By Kenneth Jones
and Adam Hetrick
22 May 2008
The Neighborhood mounting will utilize the original 1998 Lincoln Center Theater version, rather than the 2007 Donmar Warehouse revision.
Set in Atlanta, GA, in 1913, Parade recounts the true story of factory owner Leo Frank who is put on trial for the murder of a young girl in his employ. Frank's sensational trial played out in the papers, as much as the courtroom, while his wife crusaded for justice.
The creative team includes Christen Jackson (assistant director), Imara Quinonez (choreographer) and David Sateren (music director). Susan Fairchild is producer.
Parade debuted in 1998 under the direction of Hal Prince at Lincoln Center's Vivian Beaumont Theater. Nominated for nine Tony Awards, the production earned Tonys for Best Book of a Musical (Uhry) and Best Original Score (Brown). Rob Ashford, who served as assistant choreographer for the LCT mounting of Parade, re-envisioned the work as a smaller chamber piece for the recent Donmar Warehouse staging.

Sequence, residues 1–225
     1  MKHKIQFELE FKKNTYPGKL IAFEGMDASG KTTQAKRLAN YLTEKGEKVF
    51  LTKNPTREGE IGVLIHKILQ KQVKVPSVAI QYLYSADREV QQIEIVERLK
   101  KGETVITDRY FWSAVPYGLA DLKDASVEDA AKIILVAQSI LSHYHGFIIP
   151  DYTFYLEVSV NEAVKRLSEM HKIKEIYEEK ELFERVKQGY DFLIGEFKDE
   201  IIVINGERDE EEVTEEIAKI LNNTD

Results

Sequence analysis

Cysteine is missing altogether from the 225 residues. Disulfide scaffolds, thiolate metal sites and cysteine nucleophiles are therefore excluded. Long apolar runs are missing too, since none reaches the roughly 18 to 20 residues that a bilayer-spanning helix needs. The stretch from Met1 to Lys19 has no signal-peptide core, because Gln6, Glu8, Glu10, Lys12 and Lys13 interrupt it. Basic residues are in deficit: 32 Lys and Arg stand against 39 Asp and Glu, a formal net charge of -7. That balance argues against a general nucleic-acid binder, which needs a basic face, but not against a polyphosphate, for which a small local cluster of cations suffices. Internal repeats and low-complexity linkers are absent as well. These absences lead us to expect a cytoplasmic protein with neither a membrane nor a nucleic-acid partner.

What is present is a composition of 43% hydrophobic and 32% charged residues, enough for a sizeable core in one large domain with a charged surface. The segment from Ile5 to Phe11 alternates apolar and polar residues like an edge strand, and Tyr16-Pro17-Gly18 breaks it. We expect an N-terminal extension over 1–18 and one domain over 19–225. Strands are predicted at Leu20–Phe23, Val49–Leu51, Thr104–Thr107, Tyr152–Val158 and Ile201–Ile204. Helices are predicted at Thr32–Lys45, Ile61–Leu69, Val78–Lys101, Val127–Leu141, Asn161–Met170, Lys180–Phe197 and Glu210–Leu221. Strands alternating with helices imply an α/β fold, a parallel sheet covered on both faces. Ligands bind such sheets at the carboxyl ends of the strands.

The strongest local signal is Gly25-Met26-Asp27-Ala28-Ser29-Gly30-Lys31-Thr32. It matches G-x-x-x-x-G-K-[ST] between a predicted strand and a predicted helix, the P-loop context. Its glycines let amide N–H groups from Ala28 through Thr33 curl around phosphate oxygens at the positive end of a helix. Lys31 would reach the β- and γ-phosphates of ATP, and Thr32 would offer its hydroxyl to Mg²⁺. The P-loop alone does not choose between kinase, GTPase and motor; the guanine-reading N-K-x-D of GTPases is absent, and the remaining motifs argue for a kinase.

Songs from the score include "Old Red Hills of Home," "How Can I Call This Home?," "You Don't Know This Man," "Big News," "It's Hard to Speak My Heart," "Pretty Music" and "All the Wasted Time."
For tickets and further information visit www.neighborhoodplayhouse.net.
Founded by late television producer Bob Wright ("The Carol Burnett Show"), The Neighborhood Playhouse is an Actors' Equity waiver theatre in Palos Verdes Estates.
All productions are rehearsed and performed at the landmark Neighborhood Church, "a stunning seaside palazzo originally built in 1927 as the summer mansion of business tycoon, J.J. Haggarty; to this day one of the most beautiful historic locations in Los Angeles."